How A Stay-At-Home Dad And His Wife Paid Off $380K Of Debt In 38 Months

Sophia Randazzo
August 27, 2019

Kyle Depiesse, 39, and his wife Lois, 37, based in a suburb of Minneapolis called Eden Prairie, found themselves staring down at over $380,000 of debt in 2016.

The debt consisted of a mixture of things: a $15,000 car loan on a Ford Explorer, a $90,000 mortgage on an investment rental property, and $275,000 on their primary mortgage.

When the couple got pregnant with their first child, that debt load began to take on new meaning, particularly for Depiesse, who, growing up, had seen his family home get foreclosed on.

“I’ve seen some of the struggle and I just didn’t want that for my kids or my kids’ kids,” he told The Money Manual. “You can never get foreclosed on a home that doesn’t have a mortgage.”

Kicking Off A Debt Free Journey

When the couple started paying off their debt, Depiesse was a high school business teacher, and his wife was working as a recruiter. Together at the time, they were making a combined income of $175,000.

A few months into their debt-free journey, the couple had their son Callahan, and Depiesse became a stay-at-home dad. That meant his wife became the primary breadwinner.

They continued ahead on their debt-free journey, paying off their car loan quickly and selling off their rental condo that hadn’t turned into the moneymaker that they initially hoped it would be. From there, they decided that they would go ahead and tackle their mortgage.

Our story is a little bit unique in that regard because most people would probably have let off the gas a little bit when they got to their mortgage.

“Our story is a little bit unique in that regard because most people would probably have let off the gas a little bit when they got to their mortgage, but we decided to just plow right through it,” he shared.

Living Below Their Means

The key for Depiesse and his family was to live below their means. They didn’t go on any vacations. They didn’t go out to eat. They cooked all of their meals at home.

“I wish there was a secret, and it’s almost embarrassing to talk about it, because there really isn’t a secret,” he shared. “We just didn’t spend a lot of money [as we tackled our debt]… I wish there was something more sophisticated to tell you, but that’s really it.”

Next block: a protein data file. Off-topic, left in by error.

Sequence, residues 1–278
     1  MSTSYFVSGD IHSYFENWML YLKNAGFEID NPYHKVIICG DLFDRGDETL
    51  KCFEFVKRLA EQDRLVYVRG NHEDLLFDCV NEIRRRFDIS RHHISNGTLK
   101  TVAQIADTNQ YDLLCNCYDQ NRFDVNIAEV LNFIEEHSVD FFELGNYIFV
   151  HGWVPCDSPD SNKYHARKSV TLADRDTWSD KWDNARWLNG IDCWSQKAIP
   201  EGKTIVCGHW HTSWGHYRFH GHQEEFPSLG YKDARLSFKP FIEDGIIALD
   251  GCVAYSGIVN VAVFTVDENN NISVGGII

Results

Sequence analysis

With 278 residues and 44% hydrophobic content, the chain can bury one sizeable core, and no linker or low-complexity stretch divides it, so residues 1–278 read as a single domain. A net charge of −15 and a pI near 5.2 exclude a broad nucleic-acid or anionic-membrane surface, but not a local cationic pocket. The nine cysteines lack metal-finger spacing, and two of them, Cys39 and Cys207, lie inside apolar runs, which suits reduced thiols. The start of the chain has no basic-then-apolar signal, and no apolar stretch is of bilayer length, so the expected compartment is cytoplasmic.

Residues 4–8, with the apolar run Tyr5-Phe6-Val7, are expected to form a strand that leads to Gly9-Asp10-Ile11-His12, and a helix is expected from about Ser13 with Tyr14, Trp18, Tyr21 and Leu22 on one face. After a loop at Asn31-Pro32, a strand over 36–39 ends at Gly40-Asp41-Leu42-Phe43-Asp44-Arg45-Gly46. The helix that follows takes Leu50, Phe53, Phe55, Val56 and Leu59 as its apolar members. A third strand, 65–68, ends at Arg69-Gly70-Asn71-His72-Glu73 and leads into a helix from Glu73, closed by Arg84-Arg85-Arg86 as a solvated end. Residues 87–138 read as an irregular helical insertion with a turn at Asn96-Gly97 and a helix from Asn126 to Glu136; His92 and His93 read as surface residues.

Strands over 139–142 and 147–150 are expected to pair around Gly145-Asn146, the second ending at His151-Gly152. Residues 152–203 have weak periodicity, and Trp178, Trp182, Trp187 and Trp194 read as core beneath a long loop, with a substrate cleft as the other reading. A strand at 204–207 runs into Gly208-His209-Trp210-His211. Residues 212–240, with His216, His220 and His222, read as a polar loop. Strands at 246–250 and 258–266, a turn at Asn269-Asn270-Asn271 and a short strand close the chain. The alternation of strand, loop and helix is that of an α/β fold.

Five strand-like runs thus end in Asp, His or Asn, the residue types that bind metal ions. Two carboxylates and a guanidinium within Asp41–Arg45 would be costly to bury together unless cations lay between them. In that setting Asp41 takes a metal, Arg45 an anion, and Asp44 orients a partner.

In the couple’s final year of their debt journey, they had 56% of their take-home pay going to their debt.

Depiesse encourages everyone to look at tackling debt in terms of ratios.

If someone says to me, ‘10% of my take-home pay is going to debt’ I’d probably say to them that they are not being intense enough.

“If someone says to me, ‘10% of my take-home pay is going to debt’ I’d probably say to them that they are not being intense enough,” he said.

Holding Yourself Accountable

“If you are not radically accountable to [your debt] then you’re not going to change anything,” Depiesse said.

Per Depiesse, one of the ways to do this is to look up your lifetime earnings at SocialSecurity.gov to see how much money you have made in total. When Depiesse did this right before his family started their debt-free journey, he learned that he had made just over a million dollars, and his wife had made just under a million dollars.

“I looked at the two million dollars we had been given and we had nothing to show for it and that’s when I kind of got angry,” he said. “How could we do this? How could we have two million dollars come through and slip through our hands with absolutely nothing to show for it?”

This anger and passion turned out to be a great motivator for Depiesse to power through.

Income, Income, Income

Per Depiesse, people often make the mistake of focusing too much on cutting their expenses without spending enough of their energy trying to up their income.

It wasn’t Depiesse who increased his income, but his wife. Because she was in a commission-based role, she was able to find additional ways to earn, and then put that additional money towards the couple’s debt.

I would challenge people to think about what’s more impactful: cutting their expenses in half or doubling their income?

“I would challenge people to think about what’s more impactful: cutting their expenses in half or doubling their income?… I would argue that doubling their income is more important,” he said.

He suggests people plan out how to double their income in five years and to figure out the steps they need to take to get them there.

“Is it more education? A certificate? Mentors? Investing in a personal growth program?…Maybe it’s all of the above,” he suggested.

Now He’s Helping Others

It took the couple 38 months, but this February, they became fully debt-free. It was no small achievement, and now Depiesse is turning his attention to helping others.

“During this process, I enjoyed it so much that I got licensed as a financial adviser because I want to walk with people through this process as well.”

What to hear more about Depiesse’s debt journey? Check out Episode 5 of The Money Manual’s podcast “Let’s Talk About Debt” to learn more about his story.

Is debt an issue for you? Join our Facebook group “Let’s Talk About Debt” a community devoted to helping people get out of debt!

All Images: Jeff Dose For The Money Manual